The fishing waters off Newfoundland and Laborador are some of the most closely watched in the world. On every community’s mind is the question: When will the fish come back? They watch the seals grow fat, their bank accounts grow lean and they want action. They want the seals to go.
Now that finally may happen. The Fisheries Resource Conservation Council (FRCC) has just released a report entitled Towards Recovered and Sustainable Groundfish Fisheries in Eastern Canada. Though overfishing crashed the population of groundfish such as cod, haddock and flounder, the seals will pay.
To come up with their recommendations, the Council talked with industry, biologists, fishers and Aboriginal communities. Two things nearly everyone agreed on: Fisheries and Oceans Canada is taking too long to complete the Sustainable Fisheries Framework they hope will put the fishing industry back on its boats, and seals are eating the fish.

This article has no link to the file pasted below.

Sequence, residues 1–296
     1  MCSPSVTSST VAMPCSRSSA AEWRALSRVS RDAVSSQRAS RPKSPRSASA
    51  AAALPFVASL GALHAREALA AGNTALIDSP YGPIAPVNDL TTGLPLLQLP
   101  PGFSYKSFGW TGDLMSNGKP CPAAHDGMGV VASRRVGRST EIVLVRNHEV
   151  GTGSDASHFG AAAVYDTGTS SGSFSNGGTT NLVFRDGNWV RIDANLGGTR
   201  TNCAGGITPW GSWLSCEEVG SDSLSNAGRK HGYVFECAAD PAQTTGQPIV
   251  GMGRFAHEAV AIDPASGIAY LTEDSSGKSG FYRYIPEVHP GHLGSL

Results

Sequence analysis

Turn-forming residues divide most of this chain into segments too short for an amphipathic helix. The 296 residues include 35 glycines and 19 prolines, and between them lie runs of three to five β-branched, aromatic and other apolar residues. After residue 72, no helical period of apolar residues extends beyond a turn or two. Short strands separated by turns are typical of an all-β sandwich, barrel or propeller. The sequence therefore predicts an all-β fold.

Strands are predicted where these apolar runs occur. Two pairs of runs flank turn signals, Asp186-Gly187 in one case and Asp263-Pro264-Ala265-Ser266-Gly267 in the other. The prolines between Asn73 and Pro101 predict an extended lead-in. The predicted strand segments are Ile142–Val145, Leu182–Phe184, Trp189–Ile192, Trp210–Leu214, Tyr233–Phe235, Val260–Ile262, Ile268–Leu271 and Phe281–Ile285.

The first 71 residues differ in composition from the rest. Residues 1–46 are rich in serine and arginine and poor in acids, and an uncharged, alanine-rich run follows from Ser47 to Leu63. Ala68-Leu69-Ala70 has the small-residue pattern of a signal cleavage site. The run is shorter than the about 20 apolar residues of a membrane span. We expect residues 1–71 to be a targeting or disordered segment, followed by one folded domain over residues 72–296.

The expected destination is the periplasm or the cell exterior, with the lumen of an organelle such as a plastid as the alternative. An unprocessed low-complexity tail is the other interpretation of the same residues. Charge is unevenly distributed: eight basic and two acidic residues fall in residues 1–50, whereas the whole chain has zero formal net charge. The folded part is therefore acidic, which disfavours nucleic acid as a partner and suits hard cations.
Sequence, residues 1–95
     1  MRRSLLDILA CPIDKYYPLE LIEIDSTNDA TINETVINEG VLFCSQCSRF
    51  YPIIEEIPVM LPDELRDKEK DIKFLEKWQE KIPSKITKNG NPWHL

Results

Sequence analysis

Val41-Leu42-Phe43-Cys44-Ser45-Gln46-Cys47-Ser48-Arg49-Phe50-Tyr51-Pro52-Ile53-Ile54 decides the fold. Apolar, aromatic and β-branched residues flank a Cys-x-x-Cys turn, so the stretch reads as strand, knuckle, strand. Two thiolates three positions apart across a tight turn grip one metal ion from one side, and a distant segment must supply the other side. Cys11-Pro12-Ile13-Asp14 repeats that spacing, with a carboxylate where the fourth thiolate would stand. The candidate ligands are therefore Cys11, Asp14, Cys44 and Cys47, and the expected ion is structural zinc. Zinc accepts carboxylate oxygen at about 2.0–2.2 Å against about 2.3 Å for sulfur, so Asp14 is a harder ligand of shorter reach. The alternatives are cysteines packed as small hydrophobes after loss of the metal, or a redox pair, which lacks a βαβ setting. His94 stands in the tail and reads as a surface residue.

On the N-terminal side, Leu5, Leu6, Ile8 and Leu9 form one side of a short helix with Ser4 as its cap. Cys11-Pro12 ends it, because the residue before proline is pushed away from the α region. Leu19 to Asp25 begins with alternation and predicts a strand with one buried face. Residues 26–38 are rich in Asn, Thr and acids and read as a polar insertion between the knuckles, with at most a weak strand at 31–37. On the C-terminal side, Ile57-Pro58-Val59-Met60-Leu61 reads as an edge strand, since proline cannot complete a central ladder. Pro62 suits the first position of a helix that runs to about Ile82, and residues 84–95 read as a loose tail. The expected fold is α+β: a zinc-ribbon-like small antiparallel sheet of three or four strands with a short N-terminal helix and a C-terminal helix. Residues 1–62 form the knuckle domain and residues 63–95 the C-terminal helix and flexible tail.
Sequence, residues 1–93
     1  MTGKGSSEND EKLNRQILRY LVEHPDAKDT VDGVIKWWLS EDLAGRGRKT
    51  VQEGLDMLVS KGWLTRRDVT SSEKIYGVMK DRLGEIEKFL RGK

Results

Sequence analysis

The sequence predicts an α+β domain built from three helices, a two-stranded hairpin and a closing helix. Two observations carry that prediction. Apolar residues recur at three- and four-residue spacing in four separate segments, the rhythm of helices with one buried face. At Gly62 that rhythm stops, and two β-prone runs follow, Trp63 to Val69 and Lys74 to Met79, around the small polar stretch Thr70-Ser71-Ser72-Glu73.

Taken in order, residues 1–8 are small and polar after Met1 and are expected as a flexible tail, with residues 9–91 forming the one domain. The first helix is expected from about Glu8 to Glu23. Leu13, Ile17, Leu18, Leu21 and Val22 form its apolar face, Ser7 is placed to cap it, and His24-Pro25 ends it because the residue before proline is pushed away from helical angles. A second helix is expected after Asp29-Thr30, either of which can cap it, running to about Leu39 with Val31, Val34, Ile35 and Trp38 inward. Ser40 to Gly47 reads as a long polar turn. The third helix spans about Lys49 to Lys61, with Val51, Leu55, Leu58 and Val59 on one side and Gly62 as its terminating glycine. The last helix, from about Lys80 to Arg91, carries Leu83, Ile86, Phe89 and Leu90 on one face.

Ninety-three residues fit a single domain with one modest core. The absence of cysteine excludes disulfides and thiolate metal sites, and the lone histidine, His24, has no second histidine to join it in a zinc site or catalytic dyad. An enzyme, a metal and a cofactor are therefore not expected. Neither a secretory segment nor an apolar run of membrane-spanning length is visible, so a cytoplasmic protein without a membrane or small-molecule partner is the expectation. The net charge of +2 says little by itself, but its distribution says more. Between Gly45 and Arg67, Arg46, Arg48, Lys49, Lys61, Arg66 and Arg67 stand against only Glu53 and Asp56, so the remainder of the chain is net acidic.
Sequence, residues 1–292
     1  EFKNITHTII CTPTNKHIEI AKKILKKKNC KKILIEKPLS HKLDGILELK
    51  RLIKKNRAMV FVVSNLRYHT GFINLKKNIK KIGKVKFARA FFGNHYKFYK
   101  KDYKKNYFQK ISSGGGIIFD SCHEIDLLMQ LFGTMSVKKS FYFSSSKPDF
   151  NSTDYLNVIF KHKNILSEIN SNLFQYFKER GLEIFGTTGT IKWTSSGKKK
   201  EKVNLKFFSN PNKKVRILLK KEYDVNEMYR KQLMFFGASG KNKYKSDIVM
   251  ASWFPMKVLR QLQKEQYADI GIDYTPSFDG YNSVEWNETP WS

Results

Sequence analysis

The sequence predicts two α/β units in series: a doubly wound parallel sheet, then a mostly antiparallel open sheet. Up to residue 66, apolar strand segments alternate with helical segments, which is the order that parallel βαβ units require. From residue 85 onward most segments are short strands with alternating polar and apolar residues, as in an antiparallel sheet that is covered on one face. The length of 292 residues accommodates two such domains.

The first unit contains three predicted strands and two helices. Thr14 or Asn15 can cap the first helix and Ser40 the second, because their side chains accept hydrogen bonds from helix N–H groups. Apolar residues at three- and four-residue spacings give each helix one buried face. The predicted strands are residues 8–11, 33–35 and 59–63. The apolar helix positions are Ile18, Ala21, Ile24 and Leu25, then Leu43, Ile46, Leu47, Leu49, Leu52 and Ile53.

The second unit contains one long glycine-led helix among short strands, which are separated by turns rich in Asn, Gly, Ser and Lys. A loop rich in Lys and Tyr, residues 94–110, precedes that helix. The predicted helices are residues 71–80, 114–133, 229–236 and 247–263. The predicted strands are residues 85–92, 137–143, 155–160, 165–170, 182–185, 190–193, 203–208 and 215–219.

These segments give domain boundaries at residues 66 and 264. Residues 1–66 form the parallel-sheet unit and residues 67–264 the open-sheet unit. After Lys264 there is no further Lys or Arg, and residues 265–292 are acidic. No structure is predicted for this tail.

So the report calls on the government to complete its work and to become a whole lot better about working with the industry. One red flag is a warning “that the top-down, prescriptive nature of the Species at Risk Act will largely remove industry from participation in management of the resource, and will counter initiatives towards stewardship and co-management.”
The same warning appears any time an industry objects to government regulation of a resource. In this case, the Species at Risk Act is one small, government voice for endangered wildlife. The fishing industry’s earlier record with stewardship and co-management nearly wiped out the groundfish. If the fish are ever to recover, they need non-industry voices guarding their interests.
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